Kill Devil Hills has one of the busiest beaches along the Outer Banks, but it also has a number of public parking areas, beach accesses, and lifeguarded shorelines and beach patrols. The beaches are fairly wide, and border a number of oceanfront vacation rentals as well as local restaurants, hotels, shops, and other services (like ice cream stands) that are found just over the dunes along the “Beach Road” or NC Highway 12. Fishermen will also find a fishing pier in the heart of Kill Devil Hills - the Avalon Pier – as well as a collection of more shops, restaurants, and plazas along the Beach Bypass, or US Highway 158. The town is also famed as the home to the Wright Brothers National Memorial, which towers over the landscape, and which can be visited year-round.

Nags Head is a historic beach town, and one of the first portions of the Outer Banks to be a popular oceanfront destination for visitors. Remnants of this history can still be found along the shoreline thanks to a collection of original 1920s beach homes known as “Millionaire’s Row,” and the area remains one of the most popular beach communities along the entire OBX. There are numerous beach accesses throughout the town, as well as several seasonal lifeguard stands at the most popular access points. The town is also home to two fishing piers – the aptly named Nags Head Fishing Pier and the famed Jennette’s Pier which is managed by the NC Aquarium, and which features great fishing and views as well as a wealth of coastal exhibits. Nags Head has plenty of restaurants and shops to go around, and is also home to the famed Jockey’s Ridge State Park, where the tallest sand dunes along the East Coast reside.

South Nags Head has a similar beach scene as its northern Nags Head neighbor, but is a much quieter destination, with just a few rows of beach homes and sparse – if any – businesses. Extending from US 158 to the heart of Bodie Island, this area is a great destination for visitors who want a quieter beach scene, but who still want to be close to all the central Outer Banks amenities. A fishing pier is found in the heart of this area – the Outer Banks Fishing Pier – which has a sunny on-site bar and grill, and the area is also home to moderately sized vacation rental homes which are all just steps away from the beachfront.

Hatteras Island

Hatteras Island is prized as home to one of the most pristine shorelines along the North Carolina coastline – the Cape Hatteras National Seashore. The National Seashore extends from the edge of Bodie Island all the way to the tip of Ocracoke Island, and encompasses every stretch of beach along the skinny barrier islands. Measuring roughly 50 miles from Bodie Island to Hatteras Inlet, visitors will find plenty of beaches to go around both in the varying communities as well as all along the side of NC Highway 12 – the only road that extends through the island.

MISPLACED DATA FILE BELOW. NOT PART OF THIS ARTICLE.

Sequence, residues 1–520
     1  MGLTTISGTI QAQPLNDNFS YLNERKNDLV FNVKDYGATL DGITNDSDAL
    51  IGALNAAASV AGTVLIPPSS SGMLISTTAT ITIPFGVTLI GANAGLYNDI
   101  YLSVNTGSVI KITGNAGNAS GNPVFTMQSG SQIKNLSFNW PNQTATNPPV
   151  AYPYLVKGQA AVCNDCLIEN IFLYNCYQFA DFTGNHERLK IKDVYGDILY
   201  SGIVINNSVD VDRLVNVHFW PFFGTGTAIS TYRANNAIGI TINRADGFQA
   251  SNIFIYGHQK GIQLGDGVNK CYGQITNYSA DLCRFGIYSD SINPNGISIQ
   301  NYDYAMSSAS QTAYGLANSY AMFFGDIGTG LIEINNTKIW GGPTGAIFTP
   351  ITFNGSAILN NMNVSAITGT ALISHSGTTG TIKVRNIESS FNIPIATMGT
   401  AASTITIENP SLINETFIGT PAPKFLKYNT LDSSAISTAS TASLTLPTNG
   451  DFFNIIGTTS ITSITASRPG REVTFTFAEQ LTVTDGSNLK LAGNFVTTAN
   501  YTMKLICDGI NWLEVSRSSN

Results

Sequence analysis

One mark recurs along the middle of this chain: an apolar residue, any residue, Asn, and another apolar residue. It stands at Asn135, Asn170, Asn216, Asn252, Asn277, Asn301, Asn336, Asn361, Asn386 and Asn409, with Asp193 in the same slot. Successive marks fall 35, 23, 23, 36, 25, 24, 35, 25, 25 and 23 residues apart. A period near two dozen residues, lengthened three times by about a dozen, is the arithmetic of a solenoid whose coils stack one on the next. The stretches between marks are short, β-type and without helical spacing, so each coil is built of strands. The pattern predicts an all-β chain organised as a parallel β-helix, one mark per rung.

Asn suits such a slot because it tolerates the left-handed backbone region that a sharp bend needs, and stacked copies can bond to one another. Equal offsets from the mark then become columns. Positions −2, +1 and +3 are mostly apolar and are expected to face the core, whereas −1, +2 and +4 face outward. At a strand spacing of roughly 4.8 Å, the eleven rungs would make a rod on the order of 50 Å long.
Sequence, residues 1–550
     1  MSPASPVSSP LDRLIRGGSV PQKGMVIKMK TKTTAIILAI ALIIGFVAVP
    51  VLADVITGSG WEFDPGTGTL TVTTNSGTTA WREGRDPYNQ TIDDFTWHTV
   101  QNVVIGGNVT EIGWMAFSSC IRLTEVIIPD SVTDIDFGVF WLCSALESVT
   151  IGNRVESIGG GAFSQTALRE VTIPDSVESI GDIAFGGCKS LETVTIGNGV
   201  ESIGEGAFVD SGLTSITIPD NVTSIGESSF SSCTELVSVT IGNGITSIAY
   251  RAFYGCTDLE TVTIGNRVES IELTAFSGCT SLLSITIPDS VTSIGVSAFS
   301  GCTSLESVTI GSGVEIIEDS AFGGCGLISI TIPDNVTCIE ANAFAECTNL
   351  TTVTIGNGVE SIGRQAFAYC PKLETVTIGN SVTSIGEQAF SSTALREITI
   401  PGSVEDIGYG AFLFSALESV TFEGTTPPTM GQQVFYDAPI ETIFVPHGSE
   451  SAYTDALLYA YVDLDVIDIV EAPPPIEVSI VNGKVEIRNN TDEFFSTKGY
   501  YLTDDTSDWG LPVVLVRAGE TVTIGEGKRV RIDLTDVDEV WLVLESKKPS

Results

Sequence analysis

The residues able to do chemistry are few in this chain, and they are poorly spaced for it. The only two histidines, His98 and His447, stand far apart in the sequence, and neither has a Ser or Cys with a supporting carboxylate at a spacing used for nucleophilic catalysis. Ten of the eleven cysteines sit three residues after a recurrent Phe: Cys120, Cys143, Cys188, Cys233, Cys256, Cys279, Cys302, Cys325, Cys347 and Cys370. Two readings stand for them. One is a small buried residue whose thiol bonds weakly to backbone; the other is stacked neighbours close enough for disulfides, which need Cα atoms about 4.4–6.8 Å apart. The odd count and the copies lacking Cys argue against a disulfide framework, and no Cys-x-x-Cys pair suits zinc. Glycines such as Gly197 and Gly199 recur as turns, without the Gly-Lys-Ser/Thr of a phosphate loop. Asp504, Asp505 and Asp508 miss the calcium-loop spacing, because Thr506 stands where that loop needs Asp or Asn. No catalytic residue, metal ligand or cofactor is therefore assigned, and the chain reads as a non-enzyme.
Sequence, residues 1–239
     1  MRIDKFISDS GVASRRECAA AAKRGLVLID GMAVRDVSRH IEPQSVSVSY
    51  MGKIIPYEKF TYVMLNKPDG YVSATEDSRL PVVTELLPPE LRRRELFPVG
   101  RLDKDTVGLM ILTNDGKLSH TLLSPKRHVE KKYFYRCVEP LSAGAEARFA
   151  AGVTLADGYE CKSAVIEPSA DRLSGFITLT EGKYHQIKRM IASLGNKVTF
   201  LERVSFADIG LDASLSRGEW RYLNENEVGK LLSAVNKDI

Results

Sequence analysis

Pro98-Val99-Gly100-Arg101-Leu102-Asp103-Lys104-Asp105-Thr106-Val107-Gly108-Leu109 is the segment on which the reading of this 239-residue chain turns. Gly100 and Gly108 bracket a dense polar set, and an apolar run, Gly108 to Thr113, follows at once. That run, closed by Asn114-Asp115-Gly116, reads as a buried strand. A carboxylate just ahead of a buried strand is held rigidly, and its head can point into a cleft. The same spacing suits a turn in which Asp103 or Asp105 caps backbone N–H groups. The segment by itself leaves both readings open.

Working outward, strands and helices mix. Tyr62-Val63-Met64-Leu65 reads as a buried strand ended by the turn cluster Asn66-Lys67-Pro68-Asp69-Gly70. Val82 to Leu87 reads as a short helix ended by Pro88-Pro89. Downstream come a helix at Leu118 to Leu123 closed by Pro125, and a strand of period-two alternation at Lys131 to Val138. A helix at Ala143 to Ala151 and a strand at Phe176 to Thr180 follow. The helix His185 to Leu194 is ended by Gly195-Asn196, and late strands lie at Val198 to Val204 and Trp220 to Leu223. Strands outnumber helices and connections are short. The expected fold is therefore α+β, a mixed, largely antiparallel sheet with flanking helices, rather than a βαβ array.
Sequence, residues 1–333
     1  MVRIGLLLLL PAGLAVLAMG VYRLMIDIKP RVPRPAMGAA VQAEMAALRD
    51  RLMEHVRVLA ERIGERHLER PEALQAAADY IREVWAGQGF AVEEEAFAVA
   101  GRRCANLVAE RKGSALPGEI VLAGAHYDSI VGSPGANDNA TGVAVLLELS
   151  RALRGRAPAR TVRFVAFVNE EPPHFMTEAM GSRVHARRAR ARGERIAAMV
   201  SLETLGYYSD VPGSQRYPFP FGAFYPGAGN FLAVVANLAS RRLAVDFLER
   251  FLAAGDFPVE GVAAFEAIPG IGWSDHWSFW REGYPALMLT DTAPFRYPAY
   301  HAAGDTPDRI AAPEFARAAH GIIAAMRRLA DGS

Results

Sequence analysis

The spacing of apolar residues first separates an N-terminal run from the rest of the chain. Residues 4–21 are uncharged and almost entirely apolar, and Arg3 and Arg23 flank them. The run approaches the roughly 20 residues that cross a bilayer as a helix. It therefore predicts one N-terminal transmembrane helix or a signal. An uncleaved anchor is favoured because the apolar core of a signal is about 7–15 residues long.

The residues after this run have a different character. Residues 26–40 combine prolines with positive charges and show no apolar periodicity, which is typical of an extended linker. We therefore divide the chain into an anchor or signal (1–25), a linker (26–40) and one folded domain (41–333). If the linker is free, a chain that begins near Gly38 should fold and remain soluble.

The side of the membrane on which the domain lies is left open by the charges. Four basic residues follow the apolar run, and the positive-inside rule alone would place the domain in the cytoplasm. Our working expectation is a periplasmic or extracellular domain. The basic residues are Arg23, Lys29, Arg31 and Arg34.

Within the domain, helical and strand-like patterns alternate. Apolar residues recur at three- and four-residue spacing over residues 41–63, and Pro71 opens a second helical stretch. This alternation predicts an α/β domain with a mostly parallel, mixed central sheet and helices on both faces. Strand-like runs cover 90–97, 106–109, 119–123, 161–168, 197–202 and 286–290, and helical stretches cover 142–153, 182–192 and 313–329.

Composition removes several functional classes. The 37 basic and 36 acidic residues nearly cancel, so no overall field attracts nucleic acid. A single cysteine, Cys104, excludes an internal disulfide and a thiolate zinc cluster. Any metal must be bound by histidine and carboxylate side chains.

There are seven villages that are sprinkled throughout Hatteras Island, and which are stocked with local grocery stores and beach shops, restaurants, services, and other amenities, and each of these communities – (the tri-villages of Rodanthe, Waves and Salvo, Avon, Buxton & Frisco, and Hatteras), are bordered by miles of undeveloped beaches. Visitors can access the shoreline by booking a vacation rental home in any of the seven towns, or by heading to popular public parking areas that are managed by the National Park Service. Prime spots that feature ample parking, access to restrooms, and great beaches include Canadian Hole just south of Avon, the “Old Lighthouse Site” in the heart of Buxton, and the “Bathhouse” just south of Frisco.

Many of the shorelines within the Cape Hatteras National Seashore are also accessible and open to 4WD vehicles, and a number of ORV ramps can be spotted along the sparse patches of NC Highway 12. A beach permit and a licensed 4WD vehicle is required to drive on the beaches, (no ATVS allowed), and a permit can be obtained via the National Park Service ORV stations / Visitors Centers in Buxton and on Bodie Island, or online at https://www.nps.gov/caha/planyourvisit/permitsandreservations.htm before a vacation begins.

Hatteras Island is also home to one of the most famous beaches on the Outer Banks, The Point, which is literally the spot that is in the middle of the south-facing beaches and east-facing beaches, and which is where the island “turns.” Best accessed via a 4WD vehicle, the Point is renowned for its exceptional fishing, especially in the prime late summer and fall months. Visitors should note that The Point and other 4WD beaches may be seasonally closed by the National Park Service for bird and / or sea turtle nesting.

Other highlights of Hatteras Island include two lighthouses – the Bodie Island Lighthouse just north of the Bonner Bridge and the Cape Hatteras Lighthouse in Buxton – the Chicamacomico Lifesaving Station, the Graveyard of the Atlantic Museum, the Frisco Native American Museum, and a wealth of other historic and culturally significant attractions.

Ocracoke Island

Visitors who crave remote beaches will adore Ocracoke Island – the southernmost portion of the Outer Banks which is hard to reach, but which has 15 miles of isolated shoreline. Only accessible by a public ferry, this island is home to a small 4-square mile community – Ocracoke Village – miles of beaches, and refreshingly, not much else.